When those you lead love their jobs and are happy, it not only helps you with turnover (and other positive outcomes), they will, on average, simply do better in all areas of their lives. When you help people love their jobs, you help them become happier – and when you help them become happier, you help them become more successful in life.
So, how can we better conceptualize such an enigmatic concept as ’loving one’s job’?
A Triangular Theory of Love
There are three components to love that can be expressed in the form of a triangle: intimacy, passion, and decision/commitment. ”
Just about anyone who has taken an Introduction to Psychology course has probably heard about Robert Sternberg and his triangular theory of love. It posits that there are three components to love that can be expressed in the form of a triangle: intimacy, passion, and decision/commitment.
Any relationship can be described by the depth or intensity of each of the components or three vertices of the triangle. For example, nonlove or casual day-to-day encounters are low in all three components. There isn’t much intimacy, passion, or commitment with the sales clerk ringing up the groceries or the barrister at Starbucks.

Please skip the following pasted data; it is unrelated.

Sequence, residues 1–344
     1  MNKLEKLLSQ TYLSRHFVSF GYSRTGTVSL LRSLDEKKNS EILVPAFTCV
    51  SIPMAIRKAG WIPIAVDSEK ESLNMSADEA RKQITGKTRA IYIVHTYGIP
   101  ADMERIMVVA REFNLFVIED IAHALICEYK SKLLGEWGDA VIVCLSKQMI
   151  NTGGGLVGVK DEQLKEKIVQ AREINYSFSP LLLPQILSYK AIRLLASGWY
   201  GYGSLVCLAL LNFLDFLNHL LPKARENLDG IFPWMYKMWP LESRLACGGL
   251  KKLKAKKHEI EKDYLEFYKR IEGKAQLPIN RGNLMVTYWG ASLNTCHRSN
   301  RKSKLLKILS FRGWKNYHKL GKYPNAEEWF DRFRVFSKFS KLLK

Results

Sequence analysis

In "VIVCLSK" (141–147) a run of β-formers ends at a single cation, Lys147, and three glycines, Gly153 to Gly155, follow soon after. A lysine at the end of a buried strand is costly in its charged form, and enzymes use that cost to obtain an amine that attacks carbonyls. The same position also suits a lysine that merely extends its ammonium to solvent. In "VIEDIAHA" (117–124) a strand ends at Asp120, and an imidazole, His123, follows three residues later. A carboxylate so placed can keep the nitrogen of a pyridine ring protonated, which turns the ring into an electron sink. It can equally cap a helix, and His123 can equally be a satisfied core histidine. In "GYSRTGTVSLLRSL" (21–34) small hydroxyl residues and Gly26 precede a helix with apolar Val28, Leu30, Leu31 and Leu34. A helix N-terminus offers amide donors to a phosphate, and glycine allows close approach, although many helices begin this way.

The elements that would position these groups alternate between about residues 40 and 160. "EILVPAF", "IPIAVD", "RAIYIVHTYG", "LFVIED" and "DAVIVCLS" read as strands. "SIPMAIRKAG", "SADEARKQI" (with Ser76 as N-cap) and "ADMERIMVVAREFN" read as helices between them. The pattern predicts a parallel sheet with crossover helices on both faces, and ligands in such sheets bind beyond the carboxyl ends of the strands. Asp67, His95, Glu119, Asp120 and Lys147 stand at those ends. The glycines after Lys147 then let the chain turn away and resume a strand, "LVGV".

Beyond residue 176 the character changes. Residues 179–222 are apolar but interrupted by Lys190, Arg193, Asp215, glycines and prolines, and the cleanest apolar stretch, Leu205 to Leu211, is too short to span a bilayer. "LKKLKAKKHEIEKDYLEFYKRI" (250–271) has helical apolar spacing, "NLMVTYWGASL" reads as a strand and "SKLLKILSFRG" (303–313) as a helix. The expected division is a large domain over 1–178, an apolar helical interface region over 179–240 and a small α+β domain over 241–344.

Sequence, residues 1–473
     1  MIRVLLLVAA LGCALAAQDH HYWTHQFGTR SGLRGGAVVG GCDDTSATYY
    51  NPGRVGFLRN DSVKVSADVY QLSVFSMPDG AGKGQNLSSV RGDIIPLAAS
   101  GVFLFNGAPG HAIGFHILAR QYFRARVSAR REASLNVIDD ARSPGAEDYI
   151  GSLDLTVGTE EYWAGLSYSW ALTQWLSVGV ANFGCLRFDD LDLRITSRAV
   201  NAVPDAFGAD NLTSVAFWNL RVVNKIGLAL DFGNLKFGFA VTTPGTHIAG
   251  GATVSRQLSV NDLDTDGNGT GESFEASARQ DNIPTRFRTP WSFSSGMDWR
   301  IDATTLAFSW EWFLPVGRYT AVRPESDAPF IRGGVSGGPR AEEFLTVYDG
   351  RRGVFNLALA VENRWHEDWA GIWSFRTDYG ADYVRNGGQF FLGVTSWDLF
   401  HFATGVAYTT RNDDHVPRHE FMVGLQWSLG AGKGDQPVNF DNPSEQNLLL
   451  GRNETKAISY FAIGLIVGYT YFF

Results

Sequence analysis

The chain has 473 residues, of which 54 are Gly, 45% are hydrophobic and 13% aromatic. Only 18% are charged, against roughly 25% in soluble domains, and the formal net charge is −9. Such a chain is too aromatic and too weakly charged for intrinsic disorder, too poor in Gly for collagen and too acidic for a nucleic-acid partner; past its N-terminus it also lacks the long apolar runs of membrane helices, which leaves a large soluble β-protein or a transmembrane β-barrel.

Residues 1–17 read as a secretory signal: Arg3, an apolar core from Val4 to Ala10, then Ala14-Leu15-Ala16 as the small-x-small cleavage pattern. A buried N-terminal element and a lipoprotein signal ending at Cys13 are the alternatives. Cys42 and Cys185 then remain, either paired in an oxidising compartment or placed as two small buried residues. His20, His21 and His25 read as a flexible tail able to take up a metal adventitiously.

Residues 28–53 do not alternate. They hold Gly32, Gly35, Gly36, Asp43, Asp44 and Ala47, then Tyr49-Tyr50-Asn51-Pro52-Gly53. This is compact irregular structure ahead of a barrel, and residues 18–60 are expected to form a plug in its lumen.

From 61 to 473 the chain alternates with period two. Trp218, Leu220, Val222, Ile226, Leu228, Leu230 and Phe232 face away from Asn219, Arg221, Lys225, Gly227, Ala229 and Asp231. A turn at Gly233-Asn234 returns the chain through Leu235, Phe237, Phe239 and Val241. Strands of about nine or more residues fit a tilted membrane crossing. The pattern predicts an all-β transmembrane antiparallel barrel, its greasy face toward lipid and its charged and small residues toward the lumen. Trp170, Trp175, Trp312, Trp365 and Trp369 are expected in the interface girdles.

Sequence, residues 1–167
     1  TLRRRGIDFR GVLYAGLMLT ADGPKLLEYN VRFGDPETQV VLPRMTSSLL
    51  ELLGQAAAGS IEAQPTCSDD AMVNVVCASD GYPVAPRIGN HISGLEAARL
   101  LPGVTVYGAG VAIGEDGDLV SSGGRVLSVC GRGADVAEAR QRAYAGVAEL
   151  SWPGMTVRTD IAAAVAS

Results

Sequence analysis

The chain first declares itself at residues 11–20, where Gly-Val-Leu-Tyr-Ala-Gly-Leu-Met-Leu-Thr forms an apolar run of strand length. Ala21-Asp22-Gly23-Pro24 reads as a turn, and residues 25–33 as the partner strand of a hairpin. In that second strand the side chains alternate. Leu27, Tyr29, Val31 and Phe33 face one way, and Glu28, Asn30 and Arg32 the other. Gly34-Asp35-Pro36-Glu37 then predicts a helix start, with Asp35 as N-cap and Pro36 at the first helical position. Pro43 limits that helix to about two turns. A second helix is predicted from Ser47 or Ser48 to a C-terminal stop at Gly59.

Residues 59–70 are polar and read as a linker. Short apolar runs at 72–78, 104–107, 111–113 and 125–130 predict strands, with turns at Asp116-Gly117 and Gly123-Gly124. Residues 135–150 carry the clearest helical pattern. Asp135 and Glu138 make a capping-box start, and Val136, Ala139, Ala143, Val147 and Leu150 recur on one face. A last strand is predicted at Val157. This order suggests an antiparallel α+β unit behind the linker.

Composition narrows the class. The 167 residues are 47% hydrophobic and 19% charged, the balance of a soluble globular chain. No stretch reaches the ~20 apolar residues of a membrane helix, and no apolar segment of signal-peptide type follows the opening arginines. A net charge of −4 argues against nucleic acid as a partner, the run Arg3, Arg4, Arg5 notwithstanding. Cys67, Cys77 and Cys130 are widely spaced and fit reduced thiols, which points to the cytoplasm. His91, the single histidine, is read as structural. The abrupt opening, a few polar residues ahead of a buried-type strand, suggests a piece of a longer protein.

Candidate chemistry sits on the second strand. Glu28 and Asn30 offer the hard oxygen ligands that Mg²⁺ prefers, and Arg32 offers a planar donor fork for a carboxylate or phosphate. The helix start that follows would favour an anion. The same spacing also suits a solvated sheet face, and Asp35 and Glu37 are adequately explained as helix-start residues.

In 2010, the prolific Canadian researcher, professor, and Canada Research Chair in Occupational Health Psychology at Saint Mary’s University, E. Kevin Kelloway, PhD and colleagues, offered some ground-breaking connections between Sternberg’s triangular theory of love and the love of one’s job and happiness.
DNA of Loving Your Job
Passion for Work
Passion for work is the first vertex. High passion for work is thought of as the excitement, enthusiasm, and personal rewards and fulfillment from the actual job performed. It goes beyond job satisfaction – simply being content or satisfied with one’s job. When passionate about our work, we find our work important.
There is meaning to it and we’re excited and enthusiastic about it. Therefore, there is an element of longing or desire to do it. Performing our job feels good.
Healthy Work Relationships